It would be retrogression to attach oneself today to the ossified formulas of the Enlightenment. Social dogmatism leaves us completely helpless in front of the trials of our times. Even if we are spared destruction by war, our lives will have to change if we want to save life from self-destruction. We cannot avoid revising the fundamental definitions of human life and human society. Is it true that man is above everything? Is there no Superior Spirit above him? Is it right that man's life and society's activities have to be determined by material expansion in the first place? Is it permissible to promote such expansion to the detriment of our spiritual integrity?
If the world has not come to its end, it has approached a major turn in history, equal in importance to the turn from the Middle Ages to the Renaissance. It will exact from us a spiritual upsurge: We shall have to rise to a new height of vision, to a new level of life where our physical nature will not be cursed as in the Middle Ages, but, even more importantly, our spiritual being will not be trampled upon as in the Modern era.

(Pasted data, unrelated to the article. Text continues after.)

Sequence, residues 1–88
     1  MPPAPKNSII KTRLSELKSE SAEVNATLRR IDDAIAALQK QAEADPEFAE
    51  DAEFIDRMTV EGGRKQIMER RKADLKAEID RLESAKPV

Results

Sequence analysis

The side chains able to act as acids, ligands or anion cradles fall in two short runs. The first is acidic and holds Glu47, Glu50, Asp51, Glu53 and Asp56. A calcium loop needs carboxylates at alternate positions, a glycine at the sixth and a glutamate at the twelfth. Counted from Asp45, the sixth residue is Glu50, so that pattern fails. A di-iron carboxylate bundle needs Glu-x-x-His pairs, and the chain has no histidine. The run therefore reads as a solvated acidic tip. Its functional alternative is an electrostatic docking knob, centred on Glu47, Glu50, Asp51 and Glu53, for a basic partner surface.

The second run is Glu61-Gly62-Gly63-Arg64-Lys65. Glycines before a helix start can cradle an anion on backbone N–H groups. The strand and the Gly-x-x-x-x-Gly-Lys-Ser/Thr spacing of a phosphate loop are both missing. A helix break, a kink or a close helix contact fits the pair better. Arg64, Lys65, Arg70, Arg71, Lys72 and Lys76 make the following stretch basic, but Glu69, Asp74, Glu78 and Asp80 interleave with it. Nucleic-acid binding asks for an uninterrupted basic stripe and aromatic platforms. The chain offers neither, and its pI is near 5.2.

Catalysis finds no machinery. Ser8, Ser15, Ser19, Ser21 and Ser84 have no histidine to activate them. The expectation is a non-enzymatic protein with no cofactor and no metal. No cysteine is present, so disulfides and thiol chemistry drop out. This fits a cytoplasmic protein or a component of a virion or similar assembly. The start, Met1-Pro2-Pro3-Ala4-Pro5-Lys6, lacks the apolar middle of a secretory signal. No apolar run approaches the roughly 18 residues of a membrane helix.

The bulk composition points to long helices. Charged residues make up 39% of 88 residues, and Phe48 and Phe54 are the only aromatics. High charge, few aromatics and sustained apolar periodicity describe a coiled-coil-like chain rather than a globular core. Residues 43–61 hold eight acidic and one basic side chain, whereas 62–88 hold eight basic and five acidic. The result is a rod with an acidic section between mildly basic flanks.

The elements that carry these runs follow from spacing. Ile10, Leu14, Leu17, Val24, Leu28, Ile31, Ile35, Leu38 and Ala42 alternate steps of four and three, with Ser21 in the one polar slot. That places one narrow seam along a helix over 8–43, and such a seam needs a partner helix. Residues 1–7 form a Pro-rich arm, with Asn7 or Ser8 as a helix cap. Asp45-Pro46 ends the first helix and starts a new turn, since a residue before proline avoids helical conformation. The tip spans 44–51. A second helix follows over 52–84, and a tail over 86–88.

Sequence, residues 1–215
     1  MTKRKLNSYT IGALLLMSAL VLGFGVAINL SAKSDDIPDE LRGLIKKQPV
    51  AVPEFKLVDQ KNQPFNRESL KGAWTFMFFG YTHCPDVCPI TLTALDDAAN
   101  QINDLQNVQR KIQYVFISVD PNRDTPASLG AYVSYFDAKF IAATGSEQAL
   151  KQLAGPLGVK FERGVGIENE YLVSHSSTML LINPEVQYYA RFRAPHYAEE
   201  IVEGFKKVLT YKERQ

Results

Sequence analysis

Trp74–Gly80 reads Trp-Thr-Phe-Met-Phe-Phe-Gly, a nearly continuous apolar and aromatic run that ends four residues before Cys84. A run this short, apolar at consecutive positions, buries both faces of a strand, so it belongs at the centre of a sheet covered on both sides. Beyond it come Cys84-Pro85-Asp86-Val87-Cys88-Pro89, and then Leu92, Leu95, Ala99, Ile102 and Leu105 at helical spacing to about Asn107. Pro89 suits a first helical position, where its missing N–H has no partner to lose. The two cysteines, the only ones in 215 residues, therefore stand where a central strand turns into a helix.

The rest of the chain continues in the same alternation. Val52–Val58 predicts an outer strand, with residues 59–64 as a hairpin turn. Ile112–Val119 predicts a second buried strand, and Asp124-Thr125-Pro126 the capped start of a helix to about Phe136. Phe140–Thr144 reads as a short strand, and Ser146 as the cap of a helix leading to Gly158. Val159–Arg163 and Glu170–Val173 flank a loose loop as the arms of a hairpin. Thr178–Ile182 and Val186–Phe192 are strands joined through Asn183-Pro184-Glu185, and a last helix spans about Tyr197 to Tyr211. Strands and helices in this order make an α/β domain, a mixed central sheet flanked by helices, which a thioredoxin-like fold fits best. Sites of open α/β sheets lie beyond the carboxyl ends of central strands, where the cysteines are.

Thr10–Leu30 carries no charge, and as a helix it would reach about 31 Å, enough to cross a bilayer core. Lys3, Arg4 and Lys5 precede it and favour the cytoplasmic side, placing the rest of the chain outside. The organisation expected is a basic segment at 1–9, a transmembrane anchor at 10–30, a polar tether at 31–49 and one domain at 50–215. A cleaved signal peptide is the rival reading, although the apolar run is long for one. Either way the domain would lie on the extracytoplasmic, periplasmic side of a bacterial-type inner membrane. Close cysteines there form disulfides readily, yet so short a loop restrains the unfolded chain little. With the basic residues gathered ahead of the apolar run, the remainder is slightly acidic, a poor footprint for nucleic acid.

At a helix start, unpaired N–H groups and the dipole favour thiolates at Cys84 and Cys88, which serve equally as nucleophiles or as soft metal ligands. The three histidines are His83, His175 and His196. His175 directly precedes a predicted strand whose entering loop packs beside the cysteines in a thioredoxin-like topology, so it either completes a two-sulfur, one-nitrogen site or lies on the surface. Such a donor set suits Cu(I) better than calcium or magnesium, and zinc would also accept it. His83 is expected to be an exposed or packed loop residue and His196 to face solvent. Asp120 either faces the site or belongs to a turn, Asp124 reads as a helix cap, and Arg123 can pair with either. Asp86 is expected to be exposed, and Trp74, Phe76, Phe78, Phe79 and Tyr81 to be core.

This ascension will be similar to climbing onto the next anthropologic stage. No one on earth has any other way left but -- upward.

Saturday, January 6, 2018

CONTEMPLATIVE THOUGHT


If you,
outside of a perceived action,
supply the meaning of what is seen,
then include that in your pontifications,
that is controlling judgement
outside of real relationship.

But if you can enter into a relationship,
where the action can be found,
to give the Charity, given to you by God
irrespective of your judgement, 
you have become a conduit of 
God's Grace.